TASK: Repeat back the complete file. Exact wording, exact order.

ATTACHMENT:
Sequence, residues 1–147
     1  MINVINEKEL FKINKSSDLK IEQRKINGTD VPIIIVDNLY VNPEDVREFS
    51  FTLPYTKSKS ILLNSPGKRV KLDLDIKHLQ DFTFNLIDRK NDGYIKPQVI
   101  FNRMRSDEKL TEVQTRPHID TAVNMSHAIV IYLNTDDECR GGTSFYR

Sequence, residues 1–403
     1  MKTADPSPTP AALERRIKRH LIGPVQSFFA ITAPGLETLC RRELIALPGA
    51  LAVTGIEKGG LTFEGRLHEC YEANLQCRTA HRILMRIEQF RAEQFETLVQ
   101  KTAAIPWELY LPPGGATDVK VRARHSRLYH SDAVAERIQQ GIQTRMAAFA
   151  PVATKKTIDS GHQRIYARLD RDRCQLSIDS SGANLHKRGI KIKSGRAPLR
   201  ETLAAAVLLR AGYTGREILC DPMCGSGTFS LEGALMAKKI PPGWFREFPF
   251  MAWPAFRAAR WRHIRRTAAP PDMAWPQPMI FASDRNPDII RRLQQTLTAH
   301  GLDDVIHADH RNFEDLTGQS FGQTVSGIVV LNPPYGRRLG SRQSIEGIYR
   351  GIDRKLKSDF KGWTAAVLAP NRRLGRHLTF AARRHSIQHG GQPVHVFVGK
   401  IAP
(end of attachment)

Sequence, residues 1–147
     1  MINVINEKEL FKINKSSDLK IEQRKINGTD VPIIIVDNLY VNPEDVREFS
    51  FTLPYTKSKS ILLNSPGKRV KLDLDIKHLQ DFTFNLIDRK NDGYIKPQVI
   101  FNRMRSDEKL TEVQTRPHID TAVNMSHAIV IYLNTDDECR GGTSFYR

Sequence, residues 1–403
     1  MKTADPSPTP AALERRIKRH LIGPVQSFFA ITAPGLETLC RRELIALPGA
    51  LAVTGIEKGG LTFEGRLHEC YEANLQCRTA HRILMRIEQF RAEQFETLVQ
   101  KTAAIPWELY LPPGGATDVK VRARHSRLYH SDAVAERIQQ GIQTRMAAFA
   151  PVATKKTIDS GHQRIYARLD RDRCQLSIDS SGANLHKRGI KIKSGRAPLR
   201  ETLAAAVLLR AGYTGREILC DPMCGSGTFS LEGALMAKKI PPGWFREFPF
   251  MAWPAFRAAR WRHIRRTAAP PDMAWPQPMI FASDRNPDII RRLQQTLTAH
   301  GLDDVIHADH RNFEDLTGQS FGQTVSGIVV LNPPYGRRLG SRQSIEGIYR
   351  GIDRKLKSDF KGWTAAVLAP NRRLGRHLTF AARRHSIQHG GQPVHVFVGK
   401  IAP